/ 13 June 2023

The time is ripe for a large-scale South African genome project

Uk Well Placed In Global Race For Investment, Tech Minister Chloe Smith Says
Despite the proliferation of genomics research worldwide, less than 3% of participants in these studies are of African descent. (Jose Sarmento Matos/Bloomberg via Getty Images)

Despite the proliferation of genomics research worldwide, less than 3% of participants in these studies are of African descent. This means that the genomic data of Africans is greatly underrepresented in international genomics research projects. This can have dire consequences in terms of improving population health and achieving precision medicine. 

There has, however, been a positive development in this regard. The department of science and innovation (DSI) is considering launching a “110 000 genomes project”. As presently conceived, this will involve the random selection of 100 000 participants from the South African population and an additional 10 000 participants with rare diseases. 

This is not the first intended large-scale genomics project in South Africa. In 2011, the Southern African Human Genome Programme was launched, which aimed to understand the impact of genetic variation on the health of the population. But it managed to sequence only 24 genomes and did not include health data. 

The 110 000 genomes project can make waves in the genomics community and be at the forefront of genomics research across Africa. Its success could improve healthcare by increasing our understanding of the genomes of South Africans.

Although 110 000 participants might sound like a lot, it should be compared to other large-scale population-level genomics databases, such as UK Biobank (500 000 individuals), BioBank Japan (260 000 individuals), the China Kadoorie Biobank (512 000 individuals) and the Estonian Biobank (200 000 individuals). 

Initiating the 110 000 genomes project and providing a database of the genomic data of South Africans will be a great triumph. But how should such a project be structured? And how accessible should the data be? Furthermore, should the DSI decide to proceed with the 110 000 genomes project, we suggest that two considerations are crucial.

First is the data to be collected. To be effective, the database of the 110 000 genomes project should consist of both whole genome sequences and phenotypic data (demographic and clinical data). While whole genome sequences will be obtained by sequencing the genomes of participants, phenotypic data will be collected through questionnaires and medical records. 

Because clinical data can change, it is imperative that it be continually updated to ensure that the research conducted using this data is as accurate as possible. To achieve this, the database should receive regular data from the department of health’s electronic medical record system (to cover participants who use public healthcare) and private medical insurance schemes’ electronic medical records (to cover participants who use private healthcare). Critically, the clinical data that complements the genomic data must be kept up to date.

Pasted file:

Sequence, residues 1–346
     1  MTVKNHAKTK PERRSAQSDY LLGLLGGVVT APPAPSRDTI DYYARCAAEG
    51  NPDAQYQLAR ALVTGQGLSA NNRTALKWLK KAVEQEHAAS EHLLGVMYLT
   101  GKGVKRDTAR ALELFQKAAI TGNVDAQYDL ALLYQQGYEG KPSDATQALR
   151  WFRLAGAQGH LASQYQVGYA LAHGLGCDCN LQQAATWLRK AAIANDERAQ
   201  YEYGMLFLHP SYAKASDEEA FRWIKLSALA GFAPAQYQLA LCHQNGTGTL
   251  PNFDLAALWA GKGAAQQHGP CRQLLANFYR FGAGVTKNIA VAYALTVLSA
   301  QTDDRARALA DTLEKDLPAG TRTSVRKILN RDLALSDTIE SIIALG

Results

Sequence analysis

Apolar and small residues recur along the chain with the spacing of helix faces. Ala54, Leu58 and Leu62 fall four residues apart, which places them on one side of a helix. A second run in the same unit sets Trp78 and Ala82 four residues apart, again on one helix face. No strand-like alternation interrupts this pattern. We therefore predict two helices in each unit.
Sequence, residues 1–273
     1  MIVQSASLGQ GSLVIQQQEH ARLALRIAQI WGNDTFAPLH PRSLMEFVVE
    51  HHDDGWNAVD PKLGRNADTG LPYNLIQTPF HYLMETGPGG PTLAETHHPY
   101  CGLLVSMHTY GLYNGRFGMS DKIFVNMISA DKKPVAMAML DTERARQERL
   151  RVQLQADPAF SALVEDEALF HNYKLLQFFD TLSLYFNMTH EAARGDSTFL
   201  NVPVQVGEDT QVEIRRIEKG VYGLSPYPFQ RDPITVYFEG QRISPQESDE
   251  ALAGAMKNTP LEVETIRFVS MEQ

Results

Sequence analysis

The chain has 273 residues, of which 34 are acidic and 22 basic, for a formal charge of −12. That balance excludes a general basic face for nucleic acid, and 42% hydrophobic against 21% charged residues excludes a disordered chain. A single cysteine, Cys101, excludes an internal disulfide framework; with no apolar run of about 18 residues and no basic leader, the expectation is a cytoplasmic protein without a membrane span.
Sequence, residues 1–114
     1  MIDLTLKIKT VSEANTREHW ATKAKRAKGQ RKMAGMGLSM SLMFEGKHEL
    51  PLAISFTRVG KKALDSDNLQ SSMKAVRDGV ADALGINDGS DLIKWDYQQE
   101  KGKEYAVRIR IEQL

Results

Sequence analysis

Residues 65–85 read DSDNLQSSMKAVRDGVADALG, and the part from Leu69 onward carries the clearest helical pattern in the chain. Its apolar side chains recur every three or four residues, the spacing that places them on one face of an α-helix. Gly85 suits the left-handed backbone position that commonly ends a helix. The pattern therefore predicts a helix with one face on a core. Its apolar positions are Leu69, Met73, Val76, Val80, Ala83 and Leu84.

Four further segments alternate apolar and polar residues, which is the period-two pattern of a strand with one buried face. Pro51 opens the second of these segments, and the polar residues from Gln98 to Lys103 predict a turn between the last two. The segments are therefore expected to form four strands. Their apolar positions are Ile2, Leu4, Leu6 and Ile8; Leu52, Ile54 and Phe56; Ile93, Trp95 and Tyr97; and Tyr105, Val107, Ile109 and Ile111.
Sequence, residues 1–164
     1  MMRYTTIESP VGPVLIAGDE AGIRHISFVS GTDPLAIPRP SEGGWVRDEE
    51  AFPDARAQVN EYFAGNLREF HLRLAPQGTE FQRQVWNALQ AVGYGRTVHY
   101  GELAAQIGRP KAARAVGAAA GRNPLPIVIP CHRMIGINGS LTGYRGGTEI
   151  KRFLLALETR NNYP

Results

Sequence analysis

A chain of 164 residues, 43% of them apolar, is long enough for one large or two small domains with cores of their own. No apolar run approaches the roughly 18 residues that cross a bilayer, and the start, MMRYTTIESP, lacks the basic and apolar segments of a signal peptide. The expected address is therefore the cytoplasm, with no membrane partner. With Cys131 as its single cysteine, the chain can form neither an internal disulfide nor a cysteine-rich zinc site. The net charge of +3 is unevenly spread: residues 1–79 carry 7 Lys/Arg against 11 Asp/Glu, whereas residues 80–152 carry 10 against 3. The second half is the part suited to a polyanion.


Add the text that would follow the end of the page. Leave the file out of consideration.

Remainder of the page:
Second, the data must be as accessible as possible. If we want to increase the presence of African genomes in global genomics research projects, databases should be more open. The 110 000 genomes project could promote unrestricted and free access to, and use of, genomic data — aligned with the DSI’s commitment to open science. 

Open science increases efficiency, transparency and collaboration among researchers, leading to more discoveries that benefit society. The Human Genome Project, which succeeded — through international and cross-disciplinary collaboration — in sequencing the human genome a generation ago shows how beneficial an open science approach can be. 

Importantly, individual participants should be free to exercise their autonomy in choosing whether to make their genomic data and health records public. However, given the privacy risks involved, how should this be managed? By ensuring that participants truly understand, and consent to, the privacy risks involved in the project. 

In this regard, the open consent model developed and used by Harvard University’s Personal Genome Project holds the most promise. To ensure that prospective participants understand the risks, and that their consent is truly informed, they are provided with an information booklet beforehand and must take (and pass with full marks) a test based on this information booklet. In this way, it is certain that participants will make an informed choice when they agree to make public their genomic data and health records.

If the DSI’s 110 000 genomes project is successful in recruiting on a large scale, it could greatly benefit the health of the South African population. Making the database open access would increase the accessibility of (South) African genomic data used in global genomics research projects. In other words, it will optimise the impact of the 110 000 genomes project. 

There could be privacy risks involved but, if done correctly, we believe openness and privacy can be reconciled. After all, people have a right to privacy, which they can choose to exercise or not, in particular circumstances. What is important, is that this choice must be properly informed. 

Amy Gooden is a doctoral research fellow at the University of KwaZulu-Natal.

Donrich Thaldar is a professor of law at the University of KwaZulu-Natal.